News ID: 211531
Published: 0632 GMT March 12, 2018

Bird tables and feeders in gardens could spread diseases

Bird tables and feeders in gardens could spread diseases

Britain’s obsession with feeding the birds could be driving disease within avian populations, a new study suggested.

Gardeners in the UK spend around £200 million a year on bird food, which helps some of Britain’s most beloved species get by in the harsh winter months and beyond, wrote.

But research by Zoological Society of London (ZSL) and the British Trust for Ornithology (BTO), suggested that bird tables and feeders are spreading illness because they bring species together which would never normally come into contact.

The risk of disease is also increased if bird tables and other feeding stations are not kept clean, so stale food, food waste and droppings accumulate, the report warned.

The study, used information on birds visiting gardens and observations of disease from citizen science project, the BTO's Garden BirdWatch scheme which sees volunteers submitting findings year-round.

It combined information from the large-scale surveillance scheme over 25 years with post-mortem examinations of birds, to track some of the most common diseases.

They found that the diseases spread rapidly through populations which were frequently meeting at feeders and bird tables.

Finch trichomonosis, for example, emerged in British finches in 2005 but soon spread to gregarious seed-eating species that visit garden feeding stations, the research showed.

Coauthor Kate Risely from BTO said, "We're calling on everyone who feeds wild birds to be aware of their responsibility for preventing disease.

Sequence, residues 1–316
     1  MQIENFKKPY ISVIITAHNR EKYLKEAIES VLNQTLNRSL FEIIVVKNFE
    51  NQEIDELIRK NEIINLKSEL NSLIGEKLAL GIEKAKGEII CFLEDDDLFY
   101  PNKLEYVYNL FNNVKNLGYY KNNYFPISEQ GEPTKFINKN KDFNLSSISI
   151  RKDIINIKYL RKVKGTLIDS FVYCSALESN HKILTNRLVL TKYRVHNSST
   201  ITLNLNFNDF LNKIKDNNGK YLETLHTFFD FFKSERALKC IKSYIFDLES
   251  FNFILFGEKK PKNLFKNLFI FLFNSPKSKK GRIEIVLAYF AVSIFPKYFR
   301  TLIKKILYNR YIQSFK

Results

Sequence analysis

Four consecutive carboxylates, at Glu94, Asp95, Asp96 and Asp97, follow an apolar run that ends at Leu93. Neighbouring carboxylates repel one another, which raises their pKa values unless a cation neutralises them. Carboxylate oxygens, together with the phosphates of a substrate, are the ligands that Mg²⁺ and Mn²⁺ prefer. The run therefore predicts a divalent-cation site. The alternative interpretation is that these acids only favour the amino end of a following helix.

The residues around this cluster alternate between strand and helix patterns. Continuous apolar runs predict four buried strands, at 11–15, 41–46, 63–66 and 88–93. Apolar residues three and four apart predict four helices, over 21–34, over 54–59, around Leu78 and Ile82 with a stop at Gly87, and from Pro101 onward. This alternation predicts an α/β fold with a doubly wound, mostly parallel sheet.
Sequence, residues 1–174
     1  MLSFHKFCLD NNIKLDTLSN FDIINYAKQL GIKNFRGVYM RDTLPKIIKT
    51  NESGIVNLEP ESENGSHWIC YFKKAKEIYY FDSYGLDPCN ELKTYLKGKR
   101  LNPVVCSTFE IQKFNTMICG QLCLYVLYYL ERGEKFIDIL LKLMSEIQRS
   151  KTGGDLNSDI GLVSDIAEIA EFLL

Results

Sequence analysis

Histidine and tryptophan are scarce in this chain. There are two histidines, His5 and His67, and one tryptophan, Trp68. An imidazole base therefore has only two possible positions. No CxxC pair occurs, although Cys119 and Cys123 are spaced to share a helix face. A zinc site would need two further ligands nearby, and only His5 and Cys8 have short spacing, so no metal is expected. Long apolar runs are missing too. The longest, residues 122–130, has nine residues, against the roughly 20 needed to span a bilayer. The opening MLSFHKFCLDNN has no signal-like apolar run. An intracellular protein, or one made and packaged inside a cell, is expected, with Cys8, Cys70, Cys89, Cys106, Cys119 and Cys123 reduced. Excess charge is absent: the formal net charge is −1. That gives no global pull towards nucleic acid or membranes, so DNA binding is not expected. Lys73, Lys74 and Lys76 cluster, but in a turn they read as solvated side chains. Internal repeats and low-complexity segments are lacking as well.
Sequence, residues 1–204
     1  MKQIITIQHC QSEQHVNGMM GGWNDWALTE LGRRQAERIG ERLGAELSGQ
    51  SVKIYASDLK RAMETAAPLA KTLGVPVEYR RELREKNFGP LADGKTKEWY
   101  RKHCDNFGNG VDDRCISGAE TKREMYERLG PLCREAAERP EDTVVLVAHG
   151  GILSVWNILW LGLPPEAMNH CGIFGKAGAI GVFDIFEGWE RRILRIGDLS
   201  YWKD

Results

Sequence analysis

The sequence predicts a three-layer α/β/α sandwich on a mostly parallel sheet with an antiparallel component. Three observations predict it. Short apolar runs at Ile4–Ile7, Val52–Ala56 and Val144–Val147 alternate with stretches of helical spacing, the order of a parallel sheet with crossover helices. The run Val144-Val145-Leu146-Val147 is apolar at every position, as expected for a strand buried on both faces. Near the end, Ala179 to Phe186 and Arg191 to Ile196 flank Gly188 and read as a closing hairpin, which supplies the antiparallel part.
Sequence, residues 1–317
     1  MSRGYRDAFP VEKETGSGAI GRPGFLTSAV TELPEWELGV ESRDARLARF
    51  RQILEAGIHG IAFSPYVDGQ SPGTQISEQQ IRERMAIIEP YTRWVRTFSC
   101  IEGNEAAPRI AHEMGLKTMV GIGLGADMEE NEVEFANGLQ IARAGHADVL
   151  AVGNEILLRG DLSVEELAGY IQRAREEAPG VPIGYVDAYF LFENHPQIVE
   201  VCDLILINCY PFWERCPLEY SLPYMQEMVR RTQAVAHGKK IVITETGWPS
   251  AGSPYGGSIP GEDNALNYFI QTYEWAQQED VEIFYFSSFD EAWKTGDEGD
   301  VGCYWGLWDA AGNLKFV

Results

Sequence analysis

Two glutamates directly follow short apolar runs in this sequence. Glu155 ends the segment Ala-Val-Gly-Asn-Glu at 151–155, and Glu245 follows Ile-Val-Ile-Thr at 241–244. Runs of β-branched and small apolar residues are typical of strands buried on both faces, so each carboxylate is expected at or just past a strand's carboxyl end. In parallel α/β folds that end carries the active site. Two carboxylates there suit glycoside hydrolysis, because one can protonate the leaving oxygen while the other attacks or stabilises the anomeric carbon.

"Simple steps we'd recommend include offering a variety of food from accredited sources, feeding in moderation, so that feeders are typically emptied every one to two days, the regular cleaning of bird feeders and rotation of feeding sites to avoid accumulation of waste food or bird droppings."

British gardens have become a haven for many birds which have suffered from habitat loss and urbanization, and some 48 percent of households regularly leave food out to help garden visitors.

The report also noted that there was also a well-being aspect to feeding the birds which helps the growing disconnect from nature and fosters interest in wildlife and conservation.

However the report pointed out that there a risks from feeding the birds, including that they will become reliant on the food and stop being able to fend for themselves.

The report concluded, “There is a need to balance the risks and benefits of supplementary feeding of garden birds to both wildlife and people.”

When disease outbreaks do occur, people are encouraged to report their observations to the Garden Wildlife Health (GWH) project, seek veterinary guidance; and consider a temporary halt to garden feeding in order to encourage birds to disperse, reducing the risk of further disease spread.

The researchers also hope that long term information about three of Britain’s deadliest bird diseases will help contain the spread of illness.

Commenting on the study, lead author Dr. Becki Lawson from ZSL’s Institute of Zoology said, “These conditions have different means of transmission — so deepening our understanding of disease dynamics will help us develop best practice advice to ensure that feeding garden birds also helps to safeguard their health”.

The research was published in the journal Philosophical Transactions of the Royal Society B.


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